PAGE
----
In addition, graduate students will be able to

  • understand the context of ongoing research in stars, stellar populations and stellar physics, at a level that enables comprehension of the content and scope of research literature which is not exclusively specialist (reviews, ApJ letters, proposals, topical sessions at national meetings, well-written topical articles).

  • identify the areas of ongoing research into stellar processes and the physics which is important for stellar properties and products, characterize the unanswered questions, and integrate future developments in these areas into their understanding of stars.

Other Course Materials

Students are expected to have access to a unix computing environment of some form.  Mac OS X, Linux, or others are all sufficient.  Students should consult with the instructor if they need assistance with this, as some university facilities are available, though typically a student's personal computer is most convenient.

We will be using the Modules for Experiments in Stellar Astrophysics (MESA) available from mesa.sourceforge.net and using some materials available at mesastar.org.

Lecture notes, homeworks and various other resources (figures from class, links to papers, inlists for MESA) will be available through the public class webpage or the class page on blackboard.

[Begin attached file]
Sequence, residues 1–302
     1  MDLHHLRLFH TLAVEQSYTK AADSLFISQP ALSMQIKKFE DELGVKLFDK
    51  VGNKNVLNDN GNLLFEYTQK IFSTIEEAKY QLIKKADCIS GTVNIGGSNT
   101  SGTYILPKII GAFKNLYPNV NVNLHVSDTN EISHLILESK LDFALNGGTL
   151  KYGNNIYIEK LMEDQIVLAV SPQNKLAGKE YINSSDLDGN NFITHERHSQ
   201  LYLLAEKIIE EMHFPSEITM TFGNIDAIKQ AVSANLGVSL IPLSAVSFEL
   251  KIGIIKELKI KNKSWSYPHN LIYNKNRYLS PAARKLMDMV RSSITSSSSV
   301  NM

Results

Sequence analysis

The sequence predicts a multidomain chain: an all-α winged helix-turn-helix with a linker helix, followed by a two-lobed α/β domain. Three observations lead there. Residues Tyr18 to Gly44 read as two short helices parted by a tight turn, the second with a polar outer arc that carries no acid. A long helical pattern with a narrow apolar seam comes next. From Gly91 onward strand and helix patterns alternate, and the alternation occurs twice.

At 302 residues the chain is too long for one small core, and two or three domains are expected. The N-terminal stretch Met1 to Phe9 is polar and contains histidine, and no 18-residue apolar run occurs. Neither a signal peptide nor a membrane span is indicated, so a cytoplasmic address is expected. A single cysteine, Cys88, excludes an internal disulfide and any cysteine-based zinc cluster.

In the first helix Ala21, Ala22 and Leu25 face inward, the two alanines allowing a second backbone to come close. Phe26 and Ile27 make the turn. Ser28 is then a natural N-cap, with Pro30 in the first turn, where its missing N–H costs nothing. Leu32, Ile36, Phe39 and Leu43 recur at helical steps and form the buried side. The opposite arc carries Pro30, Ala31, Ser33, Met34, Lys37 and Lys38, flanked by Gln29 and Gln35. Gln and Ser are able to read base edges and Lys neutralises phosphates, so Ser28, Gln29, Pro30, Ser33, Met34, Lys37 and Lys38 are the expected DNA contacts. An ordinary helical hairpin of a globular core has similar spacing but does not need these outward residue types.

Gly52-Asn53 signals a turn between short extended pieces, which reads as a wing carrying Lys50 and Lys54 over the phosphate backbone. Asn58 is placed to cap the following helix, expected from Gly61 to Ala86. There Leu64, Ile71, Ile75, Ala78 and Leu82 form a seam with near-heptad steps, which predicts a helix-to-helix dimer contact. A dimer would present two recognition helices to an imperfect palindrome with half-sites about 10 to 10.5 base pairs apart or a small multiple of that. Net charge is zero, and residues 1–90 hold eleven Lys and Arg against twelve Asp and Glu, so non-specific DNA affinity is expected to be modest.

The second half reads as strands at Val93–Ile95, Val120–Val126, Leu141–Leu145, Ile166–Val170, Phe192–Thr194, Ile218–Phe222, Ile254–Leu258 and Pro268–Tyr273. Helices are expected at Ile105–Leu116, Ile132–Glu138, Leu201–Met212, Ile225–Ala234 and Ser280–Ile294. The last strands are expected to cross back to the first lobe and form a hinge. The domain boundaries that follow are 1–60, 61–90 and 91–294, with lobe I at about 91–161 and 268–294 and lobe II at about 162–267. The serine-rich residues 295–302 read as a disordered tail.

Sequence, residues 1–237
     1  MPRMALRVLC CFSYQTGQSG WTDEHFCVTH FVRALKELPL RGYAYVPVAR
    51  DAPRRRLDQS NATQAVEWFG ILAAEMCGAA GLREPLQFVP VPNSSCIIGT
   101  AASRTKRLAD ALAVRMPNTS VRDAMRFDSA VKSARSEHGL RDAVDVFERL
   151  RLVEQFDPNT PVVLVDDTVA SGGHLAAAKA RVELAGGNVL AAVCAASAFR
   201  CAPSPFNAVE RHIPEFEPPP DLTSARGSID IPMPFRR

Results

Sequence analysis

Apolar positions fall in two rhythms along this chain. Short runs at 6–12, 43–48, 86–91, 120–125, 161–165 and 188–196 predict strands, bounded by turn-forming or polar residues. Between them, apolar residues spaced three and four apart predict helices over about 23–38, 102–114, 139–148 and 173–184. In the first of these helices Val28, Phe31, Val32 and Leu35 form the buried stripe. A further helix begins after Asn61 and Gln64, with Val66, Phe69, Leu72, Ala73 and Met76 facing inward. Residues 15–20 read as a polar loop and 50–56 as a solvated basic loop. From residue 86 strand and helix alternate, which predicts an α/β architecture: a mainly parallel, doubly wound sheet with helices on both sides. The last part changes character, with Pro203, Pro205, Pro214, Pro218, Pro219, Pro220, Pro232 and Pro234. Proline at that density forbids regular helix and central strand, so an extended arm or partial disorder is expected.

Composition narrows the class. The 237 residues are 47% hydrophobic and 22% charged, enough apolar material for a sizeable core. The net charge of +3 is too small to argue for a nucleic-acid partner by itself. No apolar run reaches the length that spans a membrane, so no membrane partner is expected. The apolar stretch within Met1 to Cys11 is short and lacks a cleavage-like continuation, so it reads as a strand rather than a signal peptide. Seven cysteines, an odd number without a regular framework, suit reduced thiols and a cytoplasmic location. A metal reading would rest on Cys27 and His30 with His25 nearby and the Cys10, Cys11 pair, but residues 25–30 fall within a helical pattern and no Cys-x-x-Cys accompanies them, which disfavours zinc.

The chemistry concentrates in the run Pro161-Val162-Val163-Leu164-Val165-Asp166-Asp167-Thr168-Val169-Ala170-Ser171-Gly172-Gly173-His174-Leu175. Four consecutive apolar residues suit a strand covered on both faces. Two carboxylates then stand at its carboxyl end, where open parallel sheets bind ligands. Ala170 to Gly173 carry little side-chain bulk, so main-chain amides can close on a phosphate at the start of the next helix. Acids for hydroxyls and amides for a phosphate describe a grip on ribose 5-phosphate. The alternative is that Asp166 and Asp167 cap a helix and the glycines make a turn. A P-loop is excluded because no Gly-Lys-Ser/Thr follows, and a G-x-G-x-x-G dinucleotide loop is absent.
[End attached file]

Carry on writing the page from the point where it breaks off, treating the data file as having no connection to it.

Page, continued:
Outline of Topics

  1. Hydrostatics and thermodynamics of self-gravitating objects

    1. Hydrostatic equilibrium in spherical symmetry, Virial theorem

    2. Equations of state

    3. Simple stellar models and gravitational contraction

    4. Importance of radiation pressure

    5. Diffusion of heat and stellar luminosities

  2. Star formation

    1. Gravitational collapse of molecular clouds, Jeans mass

    2. Evolution of protostars, fully convective models. The Hayashi track

  3. Life on the main sequence

    1. Thermonuclear energy generation - processes and rates

    2. CNO vs. pp burning, the Solar neutrino problem

    3. Degeneracy and brown dwarf formation

    4. Stellar masses, temperature, radii and lifetimes. IMF

    5. Convection. where and why it occurs

    6. The Saha equation, simple atmospheres, spectroscopy

  4. Life after the main sequence

    1. Degeneracy during stellar evolution. Chandrasekhar limit.

    2. Low mass stars: red giants, mass loss, shell burning

    3. Massive stars: CO burning, Ne photodisintegration, neutrinos

    4. Collapse of Iron cores, core collapse supernovae, nucleosynthesis

  5. Colapsed star: structure and emission in isolation

    1. White dwarf formation, thermal cooling and observations

    2. Neutron star formation, structure and cooling

Approximate Daily Topic Schedule